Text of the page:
Study objectives: To investigate the relation between sleep duration and energy consumption in an adolescent cohort.
Setting: Free-living environment.
Participants: Two hundred forty adolescents (mean age 17.7 +/- 0.4 years).
Measurements and results: Daily 24-hour food-recall questionnaires and wrist-actigraphy measurements of sleep duration were employed to test the hypothesis that shorter weekday sleep duration (< 8 h) is associated with altered nutrient intake. Nutrition parameters included total calories, calories from meals and snacks, and proportions of caloric intake from fat and carbohydrates. Compared with adolescents sleeping 8 or more hours on average on weekdays, those sleeping less than 8 hours consumed a higher proportion of calories from fats (35.9% +/- 6.7% vs 33.2% +/- 6.9%; mean +/- SD; P = 0.004) and a lower proportion of calories from carbohydrates (49.6% +/- 8.2% vs 53.3% +/- 8.3%; P = 0.001). After adjusting for potential confounders, shorter sleep duration was significantly associated with an average daily increase of calories consumed from fat of 2.2 percentage points and an average daily decrease in percentage of calories from carbohydrates of 3.0 percentage points. In unadjusted analyses, shorter sleep duration was also associated with a 2.1-fold increased odds (95% confidence interval: 1.03, 4.44) of daily consuming 475 or more kcal from snacks.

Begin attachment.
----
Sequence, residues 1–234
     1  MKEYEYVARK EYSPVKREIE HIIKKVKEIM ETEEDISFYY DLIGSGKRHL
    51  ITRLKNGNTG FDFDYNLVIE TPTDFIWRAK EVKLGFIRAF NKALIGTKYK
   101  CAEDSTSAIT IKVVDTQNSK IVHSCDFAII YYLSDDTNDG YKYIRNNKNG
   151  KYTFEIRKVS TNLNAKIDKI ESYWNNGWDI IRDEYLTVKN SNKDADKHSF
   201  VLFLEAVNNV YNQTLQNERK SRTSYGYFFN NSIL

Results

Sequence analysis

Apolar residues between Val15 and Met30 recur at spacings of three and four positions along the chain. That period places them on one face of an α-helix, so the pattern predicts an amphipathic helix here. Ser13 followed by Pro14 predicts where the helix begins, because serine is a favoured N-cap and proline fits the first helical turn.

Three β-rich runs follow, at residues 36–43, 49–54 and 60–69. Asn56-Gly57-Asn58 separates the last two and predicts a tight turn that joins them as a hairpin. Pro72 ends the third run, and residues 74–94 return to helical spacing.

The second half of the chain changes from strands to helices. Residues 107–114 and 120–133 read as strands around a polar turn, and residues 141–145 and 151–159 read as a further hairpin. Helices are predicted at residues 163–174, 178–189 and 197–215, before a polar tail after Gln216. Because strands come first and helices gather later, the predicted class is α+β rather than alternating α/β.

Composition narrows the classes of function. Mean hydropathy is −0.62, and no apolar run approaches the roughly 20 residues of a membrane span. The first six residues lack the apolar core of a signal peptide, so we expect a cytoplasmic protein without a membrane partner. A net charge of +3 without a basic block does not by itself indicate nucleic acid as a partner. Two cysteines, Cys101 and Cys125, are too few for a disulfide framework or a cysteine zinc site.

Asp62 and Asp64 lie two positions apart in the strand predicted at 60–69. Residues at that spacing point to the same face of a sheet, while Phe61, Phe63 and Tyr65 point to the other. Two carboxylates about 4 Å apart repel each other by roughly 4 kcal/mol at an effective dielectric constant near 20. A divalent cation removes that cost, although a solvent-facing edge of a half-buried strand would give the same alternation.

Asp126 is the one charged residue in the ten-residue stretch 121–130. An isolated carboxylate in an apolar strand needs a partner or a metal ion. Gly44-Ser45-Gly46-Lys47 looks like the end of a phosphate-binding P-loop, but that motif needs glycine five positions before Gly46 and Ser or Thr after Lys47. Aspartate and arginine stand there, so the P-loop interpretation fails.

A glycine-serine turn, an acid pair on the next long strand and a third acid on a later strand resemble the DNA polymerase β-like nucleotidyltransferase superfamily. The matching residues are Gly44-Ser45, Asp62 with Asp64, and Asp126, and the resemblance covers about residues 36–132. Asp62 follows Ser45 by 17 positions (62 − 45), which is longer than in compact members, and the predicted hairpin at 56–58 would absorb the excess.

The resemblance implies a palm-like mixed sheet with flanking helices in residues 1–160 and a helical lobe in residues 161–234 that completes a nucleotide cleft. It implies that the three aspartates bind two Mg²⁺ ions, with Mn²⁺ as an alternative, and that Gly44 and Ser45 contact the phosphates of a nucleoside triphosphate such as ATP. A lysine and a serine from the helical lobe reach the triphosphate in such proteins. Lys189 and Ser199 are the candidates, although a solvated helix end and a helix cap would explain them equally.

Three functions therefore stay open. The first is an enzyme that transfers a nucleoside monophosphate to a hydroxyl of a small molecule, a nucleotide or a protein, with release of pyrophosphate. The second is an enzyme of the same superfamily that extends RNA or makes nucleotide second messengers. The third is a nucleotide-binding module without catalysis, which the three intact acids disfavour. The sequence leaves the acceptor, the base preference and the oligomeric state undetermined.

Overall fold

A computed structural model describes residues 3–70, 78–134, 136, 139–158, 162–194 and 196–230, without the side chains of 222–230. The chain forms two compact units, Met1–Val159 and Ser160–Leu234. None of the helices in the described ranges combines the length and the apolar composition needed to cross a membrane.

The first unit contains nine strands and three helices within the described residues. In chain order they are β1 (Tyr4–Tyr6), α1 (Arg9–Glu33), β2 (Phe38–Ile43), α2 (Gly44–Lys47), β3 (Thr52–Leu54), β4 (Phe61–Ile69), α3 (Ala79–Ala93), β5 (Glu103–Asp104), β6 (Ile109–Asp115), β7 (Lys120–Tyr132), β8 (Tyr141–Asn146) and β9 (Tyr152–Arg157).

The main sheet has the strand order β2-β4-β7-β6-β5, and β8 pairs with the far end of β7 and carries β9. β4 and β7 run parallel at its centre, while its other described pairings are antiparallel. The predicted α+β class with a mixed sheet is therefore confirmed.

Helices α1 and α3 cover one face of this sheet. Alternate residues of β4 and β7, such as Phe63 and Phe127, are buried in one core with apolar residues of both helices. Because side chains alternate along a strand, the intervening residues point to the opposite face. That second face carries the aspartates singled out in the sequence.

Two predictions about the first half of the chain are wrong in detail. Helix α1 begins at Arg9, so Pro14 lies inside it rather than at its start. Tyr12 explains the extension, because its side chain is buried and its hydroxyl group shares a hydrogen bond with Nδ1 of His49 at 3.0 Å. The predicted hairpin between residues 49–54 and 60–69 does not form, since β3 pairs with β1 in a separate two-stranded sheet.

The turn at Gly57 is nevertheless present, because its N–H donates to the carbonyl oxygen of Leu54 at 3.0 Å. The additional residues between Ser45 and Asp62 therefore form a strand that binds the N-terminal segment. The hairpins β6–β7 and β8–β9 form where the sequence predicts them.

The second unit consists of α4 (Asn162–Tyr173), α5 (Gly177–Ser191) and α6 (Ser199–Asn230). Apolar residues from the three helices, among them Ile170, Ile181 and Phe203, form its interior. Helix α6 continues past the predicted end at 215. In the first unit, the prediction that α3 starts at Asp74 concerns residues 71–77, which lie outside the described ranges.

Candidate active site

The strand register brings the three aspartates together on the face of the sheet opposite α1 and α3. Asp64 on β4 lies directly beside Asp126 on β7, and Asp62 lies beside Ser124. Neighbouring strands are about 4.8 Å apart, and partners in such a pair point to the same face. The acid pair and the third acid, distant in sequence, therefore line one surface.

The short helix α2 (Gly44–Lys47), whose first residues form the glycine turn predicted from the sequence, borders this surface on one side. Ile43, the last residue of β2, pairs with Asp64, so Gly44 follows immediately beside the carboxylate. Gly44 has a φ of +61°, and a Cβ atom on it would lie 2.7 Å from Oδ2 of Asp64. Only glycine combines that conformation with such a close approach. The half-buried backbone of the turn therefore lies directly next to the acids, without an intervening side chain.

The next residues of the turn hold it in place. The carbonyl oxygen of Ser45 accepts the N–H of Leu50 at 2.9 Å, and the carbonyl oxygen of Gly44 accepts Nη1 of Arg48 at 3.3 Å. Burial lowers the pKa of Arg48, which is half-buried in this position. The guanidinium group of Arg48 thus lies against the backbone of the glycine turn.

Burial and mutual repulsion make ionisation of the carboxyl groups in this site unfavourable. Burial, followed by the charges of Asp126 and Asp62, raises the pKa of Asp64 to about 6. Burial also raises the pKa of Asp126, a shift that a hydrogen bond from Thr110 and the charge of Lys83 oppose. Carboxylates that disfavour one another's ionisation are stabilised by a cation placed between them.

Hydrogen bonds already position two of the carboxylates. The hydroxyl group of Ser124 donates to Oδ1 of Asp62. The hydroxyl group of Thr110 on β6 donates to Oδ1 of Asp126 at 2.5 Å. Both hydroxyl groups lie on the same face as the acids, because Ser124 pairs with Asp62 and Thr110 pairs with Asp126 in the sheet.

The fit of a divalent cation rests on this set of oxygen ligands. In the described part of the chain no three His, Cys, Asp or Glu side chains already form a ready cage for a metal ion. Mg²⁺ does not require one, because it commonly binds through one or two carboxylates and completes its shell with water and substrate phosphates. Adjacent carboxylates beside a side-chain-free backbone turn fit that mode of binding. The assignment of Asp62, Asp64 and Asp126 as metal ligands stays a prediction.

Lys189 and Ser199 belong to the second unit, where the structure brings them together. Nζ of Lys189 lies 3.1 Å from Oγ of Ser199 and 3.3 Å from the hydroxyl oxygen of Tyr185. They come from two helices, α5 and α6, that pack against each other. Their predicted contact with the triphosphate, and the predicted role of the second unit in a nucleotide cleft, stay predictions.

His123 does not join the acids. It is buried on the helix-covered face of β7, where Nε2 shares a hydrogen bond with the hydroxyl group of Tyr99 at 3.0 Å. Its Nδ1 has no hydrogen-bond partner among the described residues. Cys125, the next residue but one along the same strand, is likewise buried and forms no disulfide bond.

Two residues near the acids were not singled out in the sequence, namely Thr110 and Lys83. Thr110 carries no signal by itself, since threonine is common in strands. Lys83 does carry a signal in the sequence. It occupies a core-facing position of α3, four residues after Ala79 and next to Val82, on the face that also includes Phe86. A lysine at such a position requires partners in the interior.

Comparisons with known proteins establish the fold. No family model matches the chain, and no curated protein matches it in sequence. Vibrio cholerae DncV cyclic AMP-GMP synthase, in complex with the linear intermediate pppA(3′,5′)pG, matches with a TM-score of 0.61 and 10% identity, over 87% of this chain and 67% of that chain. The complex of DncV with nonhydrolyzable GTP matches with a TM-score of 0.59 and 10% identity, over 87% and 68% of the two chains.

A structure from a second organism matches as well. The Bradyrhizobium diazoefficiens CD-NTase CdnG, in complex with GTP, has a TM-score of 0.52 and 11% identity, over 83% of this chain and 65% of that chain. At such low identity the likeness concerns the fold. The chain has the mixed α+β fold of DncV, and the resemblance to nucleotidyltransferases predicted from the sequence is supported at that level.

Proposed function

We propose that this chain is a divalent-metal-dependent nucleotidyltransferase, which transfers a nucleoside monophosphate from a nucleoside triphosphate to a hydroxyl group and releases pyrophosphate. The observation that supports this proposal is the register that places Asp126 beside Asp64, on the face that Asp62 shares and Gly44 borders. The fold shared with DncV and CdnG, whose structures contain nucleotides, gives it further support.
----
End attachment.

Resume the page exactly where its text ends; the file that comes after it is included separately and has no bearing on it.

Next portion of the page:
Conclusion: Quantitative measures of macronutrient intake in adolescents were associated with objectively measured sleep duration. Short sleep duration may increase obesity risk by causing small changes in eating patterns that cumulatively alter energy balance.